An evening with Nigerian writer Onyeka Nwelue

It was supposed to be an author reading session for one of his books, but in the end Nigerian novelist Onyeka Nwelue chose to screen one of his movies instead.

Guests to the event hosted at the Kigali Centre for Photography on Friday night had hoped to listen to Nwelue as he read from one of his books, The Beginning of Everything Colorful, but instead had to settle for something different.

Nwelue chose to screen his movie titled Agwaetiti Obiuto. The feature film is a screen adaptation of one of his novels, Island of Happiness.

Shot in the Nigerian Igbo language, the film is a satirical feature that follows the lives of four friends –Willie, Bugzy Dvinci, Akah, and Arbenco.

The four are drawn from their different life circumstances by a promise from the Niger Delta Development Commission to pay stipends to the youth in their community of Oguta in Imo State, Nigeria.

The film’s narrative revolves around the quartet’s relationship with Oguta community and its people, and how they unite to fight oppressors and imperialists.

Nwelue is both Director and Executive Producer of Agwaetiti Obiuto.

After the screening, Nwelue took questions and later interacted with the audience. He talked about the complexities of adapting a novel for film, revealing that Agwaetiti Obiuto was his fictional feature film.

Clad in colorful African prints and his trademark dreadlocks, the author, cultural entrepreneur and filmmaker cut a different image from that of the typical author, and indeed came off looking more artistic than scholarly.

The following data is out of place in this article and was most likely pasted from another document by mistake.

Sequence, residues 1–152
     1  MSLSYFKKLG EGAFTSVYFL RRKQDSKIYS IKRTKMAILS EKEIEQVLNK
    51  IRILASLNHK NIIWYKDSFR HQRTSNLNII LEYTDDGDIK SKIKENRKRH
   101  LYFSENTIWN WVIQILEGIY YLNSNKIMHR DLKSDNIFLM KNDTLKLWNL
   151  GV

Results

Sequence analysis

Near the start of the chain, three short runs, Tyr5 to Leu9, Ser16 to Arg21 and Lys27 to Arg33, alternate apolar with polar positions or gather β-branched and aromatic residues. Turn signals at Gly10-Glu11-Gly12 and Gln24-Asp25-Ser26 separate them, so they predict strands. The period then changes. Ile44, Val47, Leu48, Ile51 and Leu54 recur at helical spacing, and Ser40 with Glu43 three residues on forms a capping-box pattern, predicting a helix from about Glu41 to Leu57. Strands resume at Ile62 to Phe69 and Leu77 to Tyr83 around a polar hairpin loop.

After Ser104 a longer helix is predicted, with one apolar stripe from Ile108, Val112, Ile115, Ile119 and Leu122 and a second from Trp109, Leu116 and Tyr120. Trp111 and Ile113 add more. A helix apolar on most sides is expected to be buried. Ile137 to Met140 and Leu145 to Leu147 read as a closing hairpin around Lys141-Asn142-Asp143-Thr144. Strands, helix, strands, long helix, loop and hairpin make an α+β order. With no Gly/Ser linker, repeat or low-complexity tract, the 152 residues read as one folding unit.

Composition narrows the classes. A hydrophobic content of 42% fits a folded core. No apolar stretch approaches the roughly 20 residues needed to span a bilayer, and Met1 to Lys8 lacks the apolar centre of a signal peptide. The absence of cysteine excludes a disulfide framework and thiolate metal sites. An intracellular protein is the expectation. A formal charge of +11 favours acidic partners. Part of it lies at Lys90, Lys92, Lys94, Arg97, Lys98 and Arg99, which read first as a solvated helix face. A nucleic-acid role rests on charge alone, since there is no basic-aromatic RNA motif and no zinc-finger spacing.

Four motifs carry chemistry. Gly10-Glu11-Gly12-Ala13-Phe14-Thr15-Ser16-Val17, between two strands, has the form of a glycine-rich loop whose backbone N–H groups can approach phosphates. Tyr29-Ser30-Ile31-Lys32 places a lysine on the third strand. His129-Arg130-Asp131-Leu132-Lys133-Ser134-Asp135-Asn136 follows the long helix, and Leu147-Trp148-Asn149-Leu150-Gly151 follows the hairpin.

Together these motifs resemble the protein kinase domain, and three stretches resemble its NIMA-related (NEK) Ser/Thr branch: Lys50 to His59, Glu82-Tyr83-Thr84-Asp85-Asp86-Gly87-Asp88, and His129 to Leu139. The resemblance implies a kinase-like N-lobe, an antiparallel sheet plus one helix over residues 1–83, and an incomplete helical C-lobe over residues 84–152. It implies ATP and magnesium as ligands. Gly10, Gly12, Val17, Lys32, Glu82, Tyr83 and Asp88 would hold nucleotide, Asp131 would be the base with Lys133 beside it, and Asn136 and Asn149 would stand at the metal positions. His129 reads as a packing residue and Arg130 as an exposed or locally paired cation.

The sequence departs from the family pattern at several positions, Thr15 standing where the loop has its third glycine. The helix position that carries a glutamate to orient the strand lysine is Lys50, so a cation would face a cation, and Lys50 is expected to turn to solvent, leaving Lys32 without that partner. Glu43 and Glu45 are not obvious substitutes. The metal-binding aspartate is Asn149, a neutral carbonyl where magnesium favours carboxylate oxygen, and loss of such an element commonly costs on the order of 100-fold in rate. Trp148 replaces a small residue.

Just like his unique dress and fashion sense, Nwelue also shared his unorthodox work ethic as a filmmaker, revealing that he never draws a budget for his film projects.

“If I draw a budget I will scare off potential sponsors,” he revealed.

On many occasions, the author’s comments bordered on arrogance, but were real. He also disclosed that he never auditions for actors, relying mostly on social media to get the right actors.

“You can make a film with your friends if you don’t have a budget. And to get money, you have to perfect the art of begging, not from Hollywood, but you can ask for money from friends and relatives.”

Presently, Nwelue is shooting a documentary about Nigerian playwright, poet and essayist Wole Soyinka, one of the authors that had a profound influence on him.

“I want to have all my books adapted into films by myself. Maybe the screenplays will not be written by me, but I want to have every story I’ve written in film.”

Nwelue is currently an assistant professor and Visiting Fellow of African Literature and Studies at the English Language Department of Manipur University. He is also a Research Fellow

editorial@newtimes.co.rw

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